Tarbert To Lochgilphead And Crinan
ROUTE LENGTH: 97 MILES
Leave Tarbert on the A83 southwestwards. Turn right at the head of West Loch Tarbert, and then left on to the B8024. Follow this round through Dunmore and Kilberry. Turn left at Achahoish to reach St Columba’s cave. Return to the B8024 and continue to the A83 at Inverneill. From Lochgilphead take the A816 to Cairnbaan, branching left there on to the B841 for Crinan. Detours can be made to Castle Sween and through Tayvallich to Keills chapel.
Cyclists can follow the same route as described for cars. This route is NCN78, which in places offers an alternative to the main road.
There is an old drove road (The Knapdale Drove Road http://heritagepaths.co.uk/pathdetails.php?HPath=HP133 from Kilmichael of Inverlussa to Daill on the Crinan canal, from where the canal can be followed to Crinan.
Walkers can also follow the Crinan canal from Ardrishaig to Crinan.
By Public Transport
West Coast Motors http://www.westcoastmotors.co.uk/ operate a bus service from Inverliever – Kilberry, going through Ford, Kilmartin, Kilmichael Glassary, Lochgilphead, Ardrishaig and Achahoish.
There is a bus service between Lochgilphead and Crinan.
To check times go to Traveline Scotland and click on Plan your Journey on left side of page.
From Tarbert the route north, by the west side, follows a loop round wooded Knapdale, looking onto Loch Tarbert and then the Sound of Jura. There are good views of Gigha, Islay and Jura from this coast road. Swinging north to Kilberry you reach the centre of scenic Knapdale with Kilberry Castle and St Brendan’s Chapel, housing their fine collection of medieval carvings.
Continuing north you reach Achahoish, where the present parish church of South Knapdale is sited. However west of the village, near Lochhead farm, there an old burial enclosure and above it Caisteal Tor, where the Dun or fortress of King Conall of Dalriada was located. He was Columba’s cousin and tradition has it that Columba came here seeking Conall’s help. So the exile was directed towards Iona. In commemoration of this, further round the loch, is St Columba’s Cave screened by an attendant ruined chapel. The cave is undoubtedly an ancient place of sanctity testifying to the Columba tradition, and pilgrim offerings are left on the altar shelf.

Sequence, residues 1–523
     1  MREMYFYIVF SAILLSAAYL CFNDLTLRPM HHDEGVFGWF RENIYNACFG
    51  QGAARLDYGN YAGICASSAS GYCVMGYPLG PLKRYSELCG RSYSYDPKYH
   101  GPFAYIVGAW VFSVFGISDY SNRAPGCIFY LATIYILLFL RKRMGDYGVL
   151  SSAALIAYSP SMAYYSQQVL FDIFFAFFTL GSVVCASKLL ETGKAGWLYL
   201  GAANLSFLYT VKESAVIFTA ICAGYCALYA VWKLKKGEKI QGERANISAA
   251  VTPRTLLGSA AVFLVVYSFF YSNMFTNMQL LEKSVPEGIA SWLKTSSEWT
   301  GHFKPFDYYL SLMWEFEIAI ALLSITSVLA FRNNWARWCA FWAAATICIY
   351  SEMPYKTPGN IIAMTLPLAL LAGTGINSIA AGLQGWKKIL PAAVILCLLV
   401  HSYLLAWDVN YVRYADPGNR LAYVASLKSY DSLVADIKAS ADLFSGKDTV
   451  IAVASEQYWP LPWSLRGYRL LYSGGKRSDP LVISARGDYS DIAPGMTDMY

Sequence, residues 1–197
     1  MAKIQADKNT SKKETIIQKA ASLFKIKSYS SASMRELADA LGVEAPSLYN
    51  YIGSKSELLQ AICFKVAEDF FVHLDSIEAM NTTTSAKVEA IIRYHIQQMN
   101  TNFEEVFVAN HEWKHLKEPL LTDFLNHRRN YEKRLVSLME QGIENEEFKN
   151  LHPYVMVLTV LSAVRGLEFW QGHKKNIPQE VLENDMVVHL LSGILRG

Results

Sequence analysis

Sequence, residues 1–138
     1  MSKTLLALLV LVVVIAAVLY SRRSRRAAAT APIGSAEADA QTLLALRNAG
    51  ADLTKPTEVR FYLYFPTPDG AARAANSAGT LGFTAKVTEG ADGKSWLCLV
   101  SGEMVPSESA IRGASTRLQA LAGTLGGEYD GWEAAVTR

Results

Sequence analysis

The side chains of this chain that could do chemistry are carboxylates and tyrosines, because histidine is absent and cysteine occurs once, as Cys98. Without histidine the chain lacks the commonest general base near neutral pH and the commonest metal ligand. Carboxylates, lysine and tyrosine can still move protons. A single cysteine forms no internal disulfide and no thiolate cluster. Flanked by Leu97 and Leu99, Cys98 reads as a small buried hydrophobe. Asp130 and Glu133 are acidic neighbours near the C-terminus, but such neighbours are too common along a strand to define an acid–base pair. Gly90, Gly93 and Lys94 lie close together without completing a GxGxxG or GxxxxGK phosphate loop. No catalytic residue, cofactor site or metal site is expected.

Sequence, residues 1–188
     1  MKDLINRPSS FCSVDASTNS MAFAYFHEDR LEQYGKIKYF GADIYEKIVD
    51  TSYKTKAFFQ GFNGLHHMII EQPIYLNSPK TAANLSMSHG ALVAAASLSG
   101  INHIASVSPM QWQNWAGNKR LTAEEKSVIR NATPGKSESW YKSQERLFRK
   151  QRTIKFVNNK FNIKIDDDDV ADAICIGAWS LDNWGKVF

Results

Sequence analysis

Though walkers may continue on this route to the Point of Knap, road vehicles must return east across Knapdale to Inverneil, and then come west again via Lochgilphead. Back on the west side, two long points reach south on the respective shores of Loch Sween. On the east you arrive at the forbidding Highland fortress of Castle Sween and the church of Kilmory Knap with its carved crosses. On the west lies Tayvallich and then Keills Chapel with another set of outstanding carvings in its shelter. But both routes, though rewarding, are time consuming, because the only way back is to retrace your steps. An easier option is to go straight on to the attractive canal village of Crinan. It was all much simpler for Columba in his boat, slipping in and out of these sea lochs!
May He who brought us
From the restfulness of night
To the joyous light of day,
Be bringing us also
From the new dawn of day
To the guiding light of eternity
From darkness to eternal light.
As a trusted partner of the National Churches Trust, we have access to a number of additional grants for projects as part of the Partnership Grants Programme. The Programme has provided over £1 million in grant funding towards repairs at churches and chapels over the last five years, and can now support some installation of facilities. Applications should be made directly to us following our usual application procedure.
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